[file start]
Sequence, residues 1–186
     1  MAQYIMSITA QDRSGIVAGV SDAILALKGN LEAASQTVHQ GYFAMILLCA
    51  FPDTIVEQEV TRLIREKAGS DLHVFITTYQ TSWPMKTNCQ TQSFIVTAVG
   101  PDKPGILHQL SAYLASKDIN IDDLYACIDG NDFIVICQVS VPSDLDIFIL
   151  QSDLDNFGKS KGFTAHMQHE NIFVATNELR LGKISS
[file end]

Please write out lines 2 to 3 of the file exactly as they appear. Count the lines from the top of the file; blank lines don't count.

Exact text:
     1  MAQYIMSITA QDRSGIVAGV SDAILALKGN LEAASQTVHQ GYFAMILLCA
    51  FPDTIVEQEV TRLIREKAGS DLHVFITTYQ TSWPMKTNCQ TQSFIVTAVG